TS: I think particularly in climate, I think it's hype. You know, there are because we need to touch the physical real world because we have to partner with incumbents. There is absolutely no reason why you need to build a climate technology company in Silicon Valley for it to succeed. We've had for example, one company in the Nordics, called Blog, which is a holding company, which has already produced three climate unicorns with Northolt, Valerian Plarium, and hg Greensville. And, you know, they're 1000s of miles away from Silicon Valley, and they have the mites of a big holding company to do it. They just don't need that kind of Silicon Valley ecosystem. So I think particularly the climate tech, there is absolutely no reason for that to be limited to seven Families. I think the recommendations will continue to have an edge and things like SAS, but climate will come from New York, it will come from the UK, Germany all over.
JK: I think COVID changed that a little bit too, right? Because you had to be in person you had to fly out to the bay and you know, fight the rest of traffic to go pitch a VC. And I think since 2020 I've certainly gotten more comfortable making an investment in a founder that I've only met over zoom. Like nothing beats spending time with them in person, but I think certainly to your point like some of those barriers have almost just naturally gone away
TS: For sure. I think COVID collapsed geography for venture forever.
JK: Yeah. So the last one of our hyper hopes. And I know you have some thoughts on this, so we can go as long as you want on it. A lot of experts have said that without the addition of nuclear energy, just transitioning to renewables will not be enough to achieve Net Zero targets. And yet VCs have not invested in nuclear energy, or nor have there really been meaningful venture scale nuclear companies. So nuclear as a venture bankable category within climate tech. Is that hype or hopeful?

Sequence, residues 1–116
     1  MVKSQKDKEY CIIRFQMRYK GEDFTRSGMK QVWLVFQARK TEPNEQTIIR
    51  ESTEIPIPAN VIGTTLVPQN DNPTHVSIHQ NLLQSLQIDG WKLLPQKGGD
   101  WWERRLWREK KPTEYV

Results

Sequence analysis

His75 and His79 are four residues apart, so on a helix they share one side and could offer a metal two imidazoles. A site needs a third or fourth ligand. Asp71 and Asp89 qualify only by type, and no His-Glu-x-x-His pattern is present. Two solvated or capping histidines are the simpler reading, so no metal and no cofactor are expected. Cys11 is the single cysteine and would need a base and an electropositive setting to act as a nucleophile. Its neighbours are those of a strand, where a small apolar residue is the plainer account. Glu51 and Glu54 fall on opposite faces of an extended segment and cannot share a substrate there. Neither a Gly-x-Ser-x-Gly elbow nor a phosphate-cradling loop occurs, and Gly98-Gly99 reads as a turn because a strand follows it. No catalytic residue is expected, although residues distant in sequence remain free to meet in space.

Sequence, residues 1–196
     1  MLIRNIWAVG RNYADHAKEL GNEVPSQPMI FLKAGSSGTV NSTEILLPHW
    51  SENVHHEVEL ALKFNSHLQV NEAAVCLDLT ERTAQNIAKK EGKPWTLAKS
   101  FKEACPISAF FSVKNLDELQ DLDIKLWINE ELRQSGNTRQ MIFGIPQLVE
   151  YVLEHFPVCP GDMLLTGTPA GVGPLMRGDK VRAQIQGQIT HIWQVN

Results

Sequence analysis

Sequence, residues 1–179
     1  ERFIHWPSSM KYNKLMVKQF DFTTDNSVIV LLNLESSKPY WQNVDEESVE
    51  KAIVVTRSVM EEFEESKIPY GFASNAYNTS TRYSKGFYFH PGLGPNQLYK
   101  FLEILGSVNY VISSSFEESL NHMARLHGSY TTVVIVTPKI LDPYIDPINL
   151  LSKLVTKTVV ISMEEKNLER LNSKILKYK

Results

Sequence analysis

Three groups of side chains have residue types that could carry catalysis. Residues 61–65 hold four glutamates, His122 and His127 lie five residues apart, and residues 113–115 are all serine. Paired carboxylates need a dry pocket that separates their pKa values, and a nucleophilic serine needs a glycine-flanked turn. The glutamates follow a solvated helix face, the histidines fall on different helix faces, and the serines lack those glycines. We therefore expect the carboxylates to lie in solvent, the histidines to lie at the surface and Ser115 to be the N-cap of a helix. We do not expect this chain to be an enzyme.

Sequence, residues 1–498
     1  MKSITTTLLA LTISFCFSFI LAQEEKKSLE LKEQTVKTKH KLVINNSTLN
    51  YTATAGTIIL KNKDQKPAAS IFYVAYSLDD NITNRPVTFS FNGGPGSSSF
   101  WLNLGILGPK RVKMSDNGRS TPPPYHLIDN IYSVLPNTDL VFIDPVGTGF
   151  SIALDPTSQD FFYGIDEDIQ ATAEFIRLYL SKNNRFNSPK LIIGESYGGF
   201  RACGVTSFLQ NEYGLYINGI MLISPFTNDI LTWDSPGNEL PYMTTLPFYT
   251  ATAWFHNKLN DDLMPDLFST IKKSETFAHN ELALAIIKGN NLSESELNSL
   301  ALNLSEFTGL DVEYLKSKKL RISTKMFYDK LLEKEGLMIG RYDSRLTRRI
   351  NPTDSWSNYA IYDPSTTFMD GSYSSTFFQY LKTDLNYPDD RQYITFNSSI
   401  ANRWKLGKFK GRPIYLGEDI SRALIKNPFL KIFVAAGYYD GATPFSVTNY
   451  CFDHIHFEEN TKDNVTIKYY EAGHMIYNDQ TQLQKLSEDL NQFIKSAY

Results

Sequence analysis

TS: I am insightful, but it's a very specific type of hope that we've got. I think there's a whole category of hard climate tech, which is venture back a little bit at a very, very large scale. So I just mentioned Varga somewhat. They've been doing with North fold, for example, and they're just now launching a heat pump version of the latest one of their incubations to come out of a conveyor belt. But we're talking about incubations, which require hundreds of millions or billions of dollars of capital.
And I think that is a very interesting model for climate incubation in Europe in the US, where you're going to get very large holding companies or corporations or both, who are going to say we're gonna go solve a very hard problem, whether it's green steel, whether it's nuclear and We have the ability to bet a billion dollars on that space. And it has the dynamics of the startup. It's a new team with a very, very small group of people that can create something special. And I think that will always be the way that it doesn't. You know, it's very hard to do something with more than a group of 10 people at its core that creates something from nothing, but they just happen to have billions of capital.
What we're not going to see is I don't think we're going to see nuclear completely transformed with a company that's raised $3 million in seed, and then $10 million in Series A, and 150 million that series B is simply to capital intensive to achieve that you might have some innovation around the edges, that the big bold plays are required billions of dollars of capital that are not going to come from the traditional venture funds. But that's not to say that large, large venture bets can have an impact on this space. And I'm completely with you that, you know, nuclear that massive part of the solution set here that we do need to get serious about backing.